Yesterday’s ghosts are today’s harsh realities
While undergoing plastic surgery, a woman’s lips became disfigured, the story goes. Upon seeing her ruined face, she was so shocked that she went insane, some say, or committed suicide, as others told it. Either way, she would then appear on dim street corners at night, wearing a white coat and a red mask.
To any unfortunate passersby she would ask, “Am I pretty?” while lifting the red mask. If the person answered yes, she would remove a sickle from her coat and slash the person’s lips, just like hers.
If they answered no, the price was much higher: death. But one couldn’t count being able to run away, since she could run 100 meters (328 feet) in just 10 seconds.
As the popular story spread across the nation, the masked woman became the subject of fear, especially among children, who hurried each day to get home before dark.
Such spooky stories have always existed. In fact, some horror stories have been passed down through the ages, with the details changing and evolving to fit with the times.
According to the author of the book “The Vanishing Hitchhiker,” Jan Harold Brunvand, a professor emeritus at the University of Utah, there are several requirements for a good urban legend.
First of all, the story needs to be simple but shocking enough to appeal to the public. Second, the story should make people believe it is based on a true incident. Also, the tale should deliver a meaningful message.
Based on these elements, it’s clear that the most popular scary stories best represent the widespread beliefs and feelings of society during a specific period of time.
Neuropsychiatrist Lee Na-mi asserted that “when people feel insecure, they tend to come up with the cause of their fear in order to solve the problem.”
“Consequently, they create and even look for horror stories, even if the tales can’t be scientifically proven,” she added.
The story revolving around the woman in the red mask, for example, portrays an important social issue of the ’90s. During that time, there were many instances of violence and abduction targeting teenagers. And the tale was apparently spread by parents to make their children hurry home after school, to avoid becoming victims of such crimes.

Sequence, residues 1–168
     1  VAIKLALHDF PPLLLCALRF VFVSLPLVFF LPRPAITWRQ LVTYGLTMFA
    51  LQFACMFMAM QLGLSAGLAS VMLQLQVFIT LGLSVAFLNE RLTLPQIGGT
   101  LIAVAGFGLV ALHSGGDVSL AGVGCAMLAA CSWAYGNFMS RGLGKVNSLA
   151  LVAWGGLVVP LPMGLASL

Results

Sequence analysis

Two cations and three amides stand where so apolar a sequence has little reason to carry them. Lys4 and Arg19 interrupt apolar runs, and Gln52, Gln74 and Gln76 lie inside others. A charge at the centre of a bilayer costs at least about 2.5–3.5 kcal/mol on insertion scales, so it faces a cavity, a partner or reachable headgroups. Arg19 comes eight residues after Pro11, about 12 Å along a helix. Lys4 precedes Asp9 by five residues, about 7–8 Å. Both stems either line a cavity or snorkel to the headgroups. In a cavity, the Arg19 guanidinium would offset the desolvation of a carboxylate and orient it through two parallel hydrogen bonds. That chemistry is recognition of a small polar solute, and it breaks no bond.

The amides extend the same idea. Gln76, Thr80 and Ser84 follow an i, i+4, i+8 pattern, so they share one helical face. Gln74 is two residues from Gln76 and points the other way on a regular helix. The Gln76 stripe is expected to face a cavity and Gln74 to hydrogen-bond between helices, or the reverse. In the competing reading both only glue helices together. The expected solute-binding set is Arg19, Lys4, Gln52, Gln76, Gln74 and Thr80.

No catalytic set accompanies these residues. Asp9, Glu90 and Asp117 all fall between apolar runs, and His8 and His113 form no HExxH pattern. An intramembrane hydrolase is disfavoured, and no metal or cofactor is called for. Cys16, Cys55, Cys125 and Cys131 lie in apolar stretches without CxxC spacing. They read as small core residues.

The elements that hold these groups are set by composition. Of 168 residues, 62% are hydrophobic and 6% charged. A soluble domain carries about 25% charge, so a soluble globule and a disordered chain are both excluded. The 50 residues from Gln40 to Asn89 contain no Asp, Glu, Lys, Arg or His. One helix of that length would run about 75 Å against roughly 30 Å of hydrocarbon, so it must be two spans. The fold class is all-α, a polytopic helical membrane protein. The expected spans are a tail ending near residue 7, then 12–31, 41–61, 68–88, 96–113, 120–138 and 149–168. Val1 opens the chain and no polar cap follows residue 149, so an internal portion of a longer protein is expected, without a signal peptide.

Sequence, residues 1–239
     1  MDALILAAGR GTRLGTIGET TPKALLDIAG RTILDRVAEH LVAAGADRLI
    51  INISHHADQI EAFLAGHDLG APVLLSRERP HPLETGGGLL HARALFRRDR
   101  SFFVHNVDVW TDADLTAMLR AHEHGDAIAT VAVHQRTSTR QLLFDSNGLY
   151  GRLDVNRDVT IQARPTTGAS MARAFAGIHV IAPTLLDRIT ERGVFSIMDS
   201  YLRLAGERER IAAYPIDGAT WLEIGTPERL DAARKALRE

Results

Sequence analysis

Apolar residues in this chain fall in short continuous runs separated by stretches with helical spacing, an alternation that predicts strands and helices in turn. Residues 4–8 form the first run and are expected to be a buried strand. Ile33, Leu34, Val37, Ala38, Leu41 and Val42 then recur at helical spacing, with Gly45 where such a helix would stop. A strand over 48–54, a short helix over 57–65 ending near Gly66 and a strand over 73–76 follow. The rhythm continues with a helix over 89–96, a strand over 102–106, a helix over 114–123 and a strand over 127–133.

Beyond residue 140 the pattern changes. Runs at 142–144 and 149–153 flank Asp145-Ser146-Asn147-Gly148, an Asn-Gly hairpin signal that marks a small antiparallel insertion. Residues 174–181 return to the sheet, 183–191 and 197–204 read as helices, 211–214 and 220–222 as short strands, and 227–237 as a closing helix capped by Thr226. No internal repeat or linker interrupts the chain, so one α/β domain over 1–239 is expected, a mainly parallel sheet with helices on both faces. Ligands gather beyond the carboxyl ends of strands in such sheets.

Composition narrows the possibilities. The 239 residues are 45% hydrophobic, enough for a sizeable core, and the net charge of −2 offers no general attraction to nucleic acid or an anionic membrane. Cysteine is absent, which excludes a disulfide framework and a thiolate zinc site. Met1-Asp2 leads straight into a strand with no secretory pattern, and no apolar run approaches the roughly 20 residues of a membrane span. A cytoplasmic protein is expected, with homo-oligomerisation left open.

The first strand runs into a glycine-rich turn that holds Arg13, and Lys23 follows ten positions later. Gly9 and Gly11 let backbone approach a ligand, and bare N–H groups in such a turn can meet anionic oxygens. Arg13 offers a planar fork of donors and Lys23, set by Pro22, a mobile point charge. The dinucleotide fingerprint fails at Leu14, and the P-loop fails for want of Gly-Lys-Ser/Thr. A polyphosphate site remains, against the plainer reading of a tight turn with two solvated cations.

According to Chung-Ang University Prof. Kim Jong-dae, who has also been collecting spooky stories from across Korea over the past 10 years, “in order for urban legends to be created, there needs to be a lot of people [in a city], and those people need to be a little bored.”
In Korea, such tales existed even during the Japanese colonial period (1910-45). In Gyeongseong (the city now known as Seoul) in the 1920s, for instance, there was a story of a woman who killed herself after being abandoned by the man she was set to marry. What seemed to be a commonplace story from that time became a horror story when the woman’s corpse didn’t decompose for nearly a month.
The woman’s parents apparently asked several men to stay in a room with the corpse for a few days in return for rice, in order to relieve their daughter’s grief from having died a virgin. As the rumor quickly spread, a newspaper reporter actually attempted to report on the case but he couldn’t track down any evidence of the incident.